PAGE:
3. Don’t worry, we’ll see the hybrid Mac, that is both OS X and iOS (not a single OS, but runs both). Grab the display off of your laptop and it becomes an iOS device. Plug it back in and it becomes an OS X device. That’s my dream.

  2. I can’t speak for others but between my iPhone, iPad, Mac and Windows tablet my employers issued me I so rarely use a mouse it feels weird and cumbersome when I do.

    1. Just cant get my head around the idea of using a mouse with a tablet I would be far more interested in improving the on screen interactions that is the whole point of the tablet in the first place, otherwise it all be ones a compromised mess.

      I do love the contention that on screen interaction on a tablet gets tiresome or clunky. Why then do PCs persist with the idea of its screens being interactive in this clunky and tiresome way when the logic of it in such a device is far less reasonable in the first place. Contradictions and confused thinking that try and fail to be all things to all people instead of being confident and committed to your concepts.

  3. I agree with the article. Neither size represents a true “Pro” device, but the 9.7 version falls way short, with just 2GB of RAM. Aside from the speakers (I will never buy or utilize the pen), it’s virtually no different from my current Air 2.

    I am a daily iPad user, from day one, who is frustrated by Tim Cook who has refused to expand the functionality of the iPad in any significant way!

    Even so, I’m going to pick up a 12.9 incher because I always wanted a giant version, and it has a nice screen and more RAM. I’m negotiating for a used 32GB model as I write this. I wont pay more than $600, as I feel the IPP is outrageously priced. On the other hand, the 9.7 inch IPP is a total rip for what you get.

    1. Not true. The iPad Pro 9.7 is entirely different from the iPad Air 2. And your definition of “Pro” is inconsequential. Cite your source, not anecdotal, conjecture, or hearsay, that shows Tim Cook refuses to expand functionality. As last checked, the iPad Pro was the first to have Apple Pencil. Clearly, that is new functionality and is hugely significant.

      1. Apple Pencil is new functionality? Partly.
        It is just an enhancement of styli that already worked. There are more options and much more control with the Pencil, but it is just an enhancement and not a ground breaking new must have feature. (Hopefully not put into iOS as a result of Android pens and Windows tablet pens. You know, a “lets jump on the bandwagon and show that we can do it too!”)

  4. Mice, keyboards & Cursors are highly beneficial in very complicated programs where you must be efficient with both menu choices & precise movements. I would describe these programs generically as high end creative apps.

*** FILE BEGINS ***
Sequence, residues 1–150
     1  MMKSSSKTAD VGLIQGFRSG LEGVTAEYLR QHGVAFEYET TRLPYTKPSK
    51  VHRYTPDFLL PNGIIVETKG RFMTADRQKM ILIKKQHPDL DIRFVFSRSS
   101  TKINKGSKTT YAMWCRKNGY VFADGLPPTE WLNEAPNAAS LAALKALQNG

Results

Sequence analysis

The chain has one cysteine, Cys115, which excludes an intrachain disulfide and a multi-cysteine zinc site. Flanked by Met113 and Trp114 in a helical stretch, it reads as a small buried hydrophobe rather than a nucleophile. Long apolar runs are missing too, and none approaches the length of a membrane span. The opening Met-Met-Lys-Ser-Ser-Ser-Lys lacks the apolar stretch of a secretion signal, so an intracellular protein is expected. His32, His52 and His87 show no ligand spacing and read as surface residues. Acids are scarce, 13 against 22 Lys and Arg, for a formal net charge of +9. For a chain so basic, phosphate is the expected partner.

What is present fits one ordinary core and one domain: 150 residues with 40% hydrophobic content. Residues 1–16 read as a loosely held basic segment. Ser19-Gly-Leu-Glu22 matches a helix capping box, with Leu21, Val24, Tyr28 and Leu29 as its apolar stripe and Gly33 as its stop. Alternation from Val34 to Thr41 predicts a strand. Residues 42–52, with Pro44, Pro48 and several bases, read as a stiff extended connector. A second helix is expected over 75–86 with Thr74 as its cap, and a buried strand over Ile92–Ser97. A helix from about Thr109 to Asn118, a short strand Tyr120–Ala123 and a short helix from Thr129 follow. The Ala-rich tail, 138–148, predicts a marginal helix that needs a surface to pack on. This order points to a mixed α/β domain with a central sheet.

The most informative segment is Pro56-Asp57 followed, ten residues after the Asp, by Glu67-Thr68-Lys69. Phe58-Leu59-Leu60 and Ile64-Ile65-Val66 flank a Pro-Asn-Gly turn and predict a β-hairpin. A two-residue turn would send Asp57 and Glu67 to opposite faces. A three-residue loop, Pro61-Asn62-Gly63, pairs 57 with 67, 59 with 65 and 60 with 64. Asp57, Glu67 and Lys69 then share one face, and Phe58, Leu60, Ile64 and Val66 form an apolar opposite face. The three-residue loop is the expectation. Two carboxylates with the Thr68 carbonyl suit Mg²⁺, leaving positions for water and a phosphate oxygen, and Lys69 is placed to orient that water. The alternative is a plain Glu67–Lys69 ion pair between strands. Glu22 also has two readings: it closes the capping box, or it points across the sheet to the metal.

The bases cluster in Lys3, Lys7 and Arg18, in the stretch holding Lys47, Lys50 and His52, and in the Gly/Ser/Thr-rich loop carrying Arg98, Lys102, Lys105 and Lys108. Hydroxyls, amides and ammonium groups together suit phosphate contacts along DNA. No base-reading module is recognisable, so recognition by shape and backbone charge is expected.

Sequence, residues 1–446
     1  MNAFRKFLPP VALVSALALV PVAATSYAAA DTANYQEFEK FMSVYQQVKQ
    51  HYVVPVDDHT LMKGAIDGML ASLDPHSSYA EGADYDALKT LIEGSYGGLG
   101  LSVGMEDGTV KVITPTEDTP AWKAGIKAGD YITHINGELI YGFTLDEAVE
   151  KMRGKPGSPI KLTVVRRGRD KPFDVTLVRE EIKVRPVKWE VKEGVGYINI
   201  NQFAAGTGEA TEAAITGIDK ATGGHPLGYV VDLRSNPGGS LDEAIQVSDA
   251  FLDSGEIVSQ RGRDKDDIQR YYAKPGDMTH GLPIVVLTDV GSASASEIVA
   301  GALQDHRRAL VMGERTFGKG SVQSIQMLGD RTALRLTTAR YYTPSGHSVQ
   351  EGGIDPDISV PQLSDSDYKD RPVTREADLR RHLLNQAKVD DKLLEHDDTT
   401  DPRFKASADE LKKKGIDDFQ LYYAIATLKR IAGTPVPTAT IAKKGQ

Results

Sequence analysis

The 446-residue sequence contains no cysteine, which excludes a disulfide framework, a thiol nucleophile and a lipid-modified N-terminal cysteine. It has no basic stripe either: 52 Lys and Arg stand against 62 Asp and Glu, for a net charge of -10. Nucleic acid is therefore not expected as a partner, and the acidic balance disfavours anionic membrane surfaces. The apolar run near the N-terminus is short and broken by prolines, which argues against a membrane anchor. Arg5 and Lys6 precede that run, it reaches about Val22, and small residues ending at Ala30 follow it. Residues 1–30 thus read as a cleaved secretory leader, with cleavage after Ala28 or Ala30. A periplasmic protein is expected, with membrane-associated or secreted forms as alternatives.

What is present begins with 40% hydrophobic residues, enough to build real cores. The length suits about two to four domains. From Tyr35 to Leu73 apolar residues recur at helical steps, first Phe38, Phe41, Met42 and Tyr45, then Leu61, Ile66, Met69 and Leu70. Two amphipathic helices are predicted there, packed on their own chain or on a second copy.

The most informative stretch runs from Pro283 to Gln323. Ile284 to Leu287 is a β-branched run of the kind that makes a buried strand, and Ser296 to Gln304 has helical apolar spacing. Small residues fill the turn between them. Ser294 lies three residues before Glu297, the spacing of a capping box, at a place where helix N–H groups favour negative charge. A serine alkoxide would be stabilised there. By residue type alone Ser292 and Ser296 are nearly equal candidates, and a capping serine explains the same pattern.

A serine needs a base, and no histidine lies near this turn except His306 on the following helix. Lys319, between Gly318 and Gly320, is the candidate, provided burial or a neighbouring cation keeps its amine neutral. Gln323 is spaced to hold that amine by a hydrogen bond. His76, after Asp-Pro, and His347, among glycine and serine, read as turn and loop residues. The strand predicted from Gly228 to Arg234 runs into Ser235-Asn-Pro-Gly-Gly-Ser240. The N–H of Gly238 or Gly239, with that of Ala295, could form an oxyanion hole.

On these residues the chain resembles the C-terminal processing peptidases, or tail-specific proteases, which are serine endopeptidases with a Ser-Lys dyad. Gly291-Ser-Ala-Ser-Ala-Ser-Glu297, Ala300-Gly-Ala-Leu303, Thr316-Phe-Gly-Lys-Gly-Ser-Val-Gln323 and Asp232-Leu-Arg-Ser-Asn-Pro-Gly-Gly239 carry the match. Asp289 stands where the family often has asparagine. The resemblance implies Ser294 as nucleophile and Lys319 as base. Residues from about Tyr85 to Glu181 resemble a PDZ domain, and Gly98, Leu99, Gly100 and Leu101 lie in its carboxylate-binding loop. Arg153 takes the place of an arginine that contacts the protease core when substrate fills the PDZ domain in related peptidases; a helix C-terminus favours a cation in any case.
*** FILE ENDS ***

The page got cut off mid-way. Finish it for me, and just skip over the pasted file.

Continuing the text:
People who use those programs know and so does Apple.

  5. Can it run all 3 of my displays and handle all the apps I need for work?

    It’s a replacement for a lot of old home use boxes I bet but there is a certain level of user that it may never reach and that’s OK.

  6. The only thing I ever need a mouse for is when I’m using my iPad as a thin client, connecting to my company’s Citrix XenDesktop implementation. And in that case, I whip out my trusty Citrix X1 mouse and it works seamlessly with my iPad. I don’t really need a laptop anymore.

    My 2011 15″ MacBook Pro lives on as a desktop, attached to a Thunderbolt dock and rarely gets used for anything other than connecting to work or burning the occasional DVD.

  7. MDN you are totally out of touch. Absolutely NO WAY can any iPad stand in for a 5 year old PC running a desktop OS. It can for some for light users who use PC’s for web and email. I still go to my PC for things many things I can’t do on my Air, age of the PC or OS is irrelevant for those things.

      1. Smartphones may have replaced pc’s for people who used their pc’s primarily for web browsing, email and such; but the notion that most computer users do nothing more than these mundane tasks is absolutely ridiculous.

      1. Maybe smartphones have replaced laptops and desktops in your world.

        They certainly have NOT replaced laptops and desktops among the student population. I don’t see many students taking notes on iPhones or iPads in class.

        I do see plenty of light, portable laptops with SSD drives.

        1. We had a student living with us for three of her four years in college here. At school, she was iPad only. She used it for all of her notes, mostly in Notability. She later used the Mac version when needed. She kept her notes, audio, Powerpoint docs etc. in there. I was so impressed with what she did with it, I bought a copy for myself.
          Perhaps you will take your pet to her, a student who did use an iPad for her notes, as she is on her way to becoming a veterinarian.

  8. I totally disagree with MDN’s take on this issue. As far as I’m concerned, editing long-form text on an iPad is a slow and clumsy process—even with a separate keyboard. The thought of editing an actual book on an iPad seems like a joke to me. To each his own.

    1. I have a friend who tried writing his latest book on an iPad. He gave up in frustration. Cursor keys and the tab key are essential elements in the production of a book.

      Multiple windows of the same document are also useful.

      Now if Mac’s were only less expensive. If they were he would be switching to a Mac not a $799 Toshiba laptop with an i7 processor, 16gb of ram and a $140 512gb ssd purchased from Amazon.

    2. Agree that fingers are suboptimal input devices for navigating and editing text. But so is the mouse. Keyboard navigation with smart arrow and option key usage is far superior.

    3. And the screen size! So if I’m “modern”, I’m supposed to love working on a 9″ or 12″ screen instead of my 27″ iMac. Yeh, right.

      I think MDN’s take has as much to do with, “Oh look at me, I’m so modern” as with anything else.

    1. Right now because of the success of the iPhone Apple has a chance to win a lot of people over to the Mac.

      Instead of promoting the Mac which can more than replace a PC, Apple is frittering away their opportunity by pushing the iPad.

      Now we know why Apple has ignored Mac advertisements since 2009.